They used to talk about being gay as a mental illness, or you know, it was a disease.

When I was 13, I was experiencing depression and anxiety. And that was very much driven by me coming to the realisation, or starting to grapple with my own sexuality, that is being gay.

I came from a Greek background, so it's not something we talk about. It's something we never discussed. We didn't have the internet back then. So I used to go to the library and find these books, and they used to talk about being gay as a mental illness or you know, it was a disease, and all the therapies that they would all talk about.

So I really, it just felt like I was on my own and I didn't belong. And so, suicide ideation was very, very big for me, thinking about I'd rather be dead than alive. And because I felt like I had this disability, and it's not a disability.

But I felt like I just didn't belong in this world. And I didn't deserve to be here. And I was constantly in conflict with myself, and who I was, and my identity.

And just pushing down that gayness, if there's such a word, that that's like holding your breath under water for a very big part of your life, and never coming up for air.

It really just, and I used to just be caught in my own thoughts a lot, and could not know how to get out of my head and just having those suicidal ideation that you know, I wish
when I go to the doctors he would tell me I've got a terminal illness.

And I just yeah, I think I just pushed it right down, and try to ignore it, but it really,
it really influenced who I was. And I became this person that maybe I didn't want to be,
only because I was hiding this secret as I saw it. My thoughts of suicide were very loud,
and they started to scare me.

So I was having, I knew how I was going to end my life. I just didn't know when and you know, laying awake at night, knowing how I was going to end my life, and only knowing it was gonna be a matter of time.

And that really scared the hell outta me. It was frightening, that I was thinking about ending my own life and being in such a hole that the only thing I could see, the only way I could see out, was to take my own life.

Somewhere, down there, there was the truth of the part that wants to live. The part that's always wanted to live, the part that says, "We're hardwired to live."

And that was the part that every now and then would come into my head and say, "You know, George, there is hope, there is something out there." And I think that's probably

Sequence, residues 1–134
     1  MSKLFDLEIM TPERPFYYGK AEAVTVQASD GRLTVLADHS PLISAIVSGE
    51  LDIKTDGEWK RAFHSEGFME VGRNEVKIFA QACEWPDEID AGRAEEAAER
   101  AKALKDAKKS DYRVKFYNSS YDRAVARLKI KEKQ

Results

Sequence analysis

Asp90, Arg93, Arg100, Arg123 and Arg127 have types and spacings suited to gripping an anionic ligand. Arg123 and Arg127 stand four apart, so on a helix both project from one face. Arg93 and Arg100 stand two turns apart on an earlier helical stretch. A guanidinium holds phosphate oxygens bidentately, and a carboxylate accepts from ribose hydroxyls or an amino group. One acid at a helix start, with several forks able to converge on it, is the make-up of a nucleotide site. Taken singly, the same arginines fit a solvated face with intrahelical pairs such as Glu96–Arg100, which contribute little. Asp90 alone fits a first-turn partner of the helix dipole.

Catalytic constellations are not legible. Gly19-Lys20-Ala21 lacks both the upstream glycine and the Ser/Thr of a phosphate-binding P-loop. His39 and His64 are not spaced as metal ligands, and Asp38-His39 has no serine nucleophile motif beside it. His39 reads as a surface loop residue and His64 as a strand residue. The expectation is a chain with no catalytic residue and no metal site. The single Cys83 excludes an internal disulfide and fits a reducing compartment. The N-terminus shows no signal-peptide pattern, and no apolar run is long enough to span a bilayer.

what kept me going for a while. And it was at that point, I thought I've got to do something because a part of me still wanted to live.

So that part took me to the doctor, and I saw the psychiatrist and I told him, I was having thoughts of suicide. And I told him what I was planning to do. And that was something that he took into consideration, and recommended that it was necessary for me, or that I should spend some time in a mental health facility to help me through this period.

I was ashamed. I was embarrassed. And basically I walked out of his office thinking, this is the end of me. This is the end of my life. I'm just gonna be, you know just being mentally unwell for the rest of my life.

I was in there for five weeks. And towards the end, I'm like, I wouldn't say I was feeling hopeful. I knew something had changed.

I didn't come out till 31. I had no intention to come out. I had planned to live the life I was living for a very long, to the day I died, but I don't know, it just happened. It just happened. And I was at home and one of my cousins saw me feeling not myself. And she started to ask me all these questions, and I just said it. And I remember saying
to her, I feel so free. And I felt like something had been lifted off my shoulders.
And you know, it actually was very empowering for me. It was the greatest, one of the
greatest moments of my life.

I am under the care of a psychiatrist, I'm on medication, but I've also found meaning
and purpose in my own journey.

So, I'm a speaker with Beyond Blue. I'm a Lived Experience Advisor with the Black Dog Institute, and also with Lifeline Australia, I volunteer as a crisis supporter, and also as a supervisor. So, for me doing that and giving back, and purpose is probably the most important thing for my own wellbeing.

I always used to be afraid of using the word suicide or are you having thoughts of suicide? It's something that, you know I never really wanted to talk to anyone about, but I find that now asking that question is very, very powerful. And I've asked it with family friends. I've asked it with work friends and work colleagues. And it's a very, very, very powerful question to ask.

Thoughts of suicide, suicide's quite impulsive. Those thoughts will come and go. So, if you can connect with someone by asking him that question, then potentially you may save their life.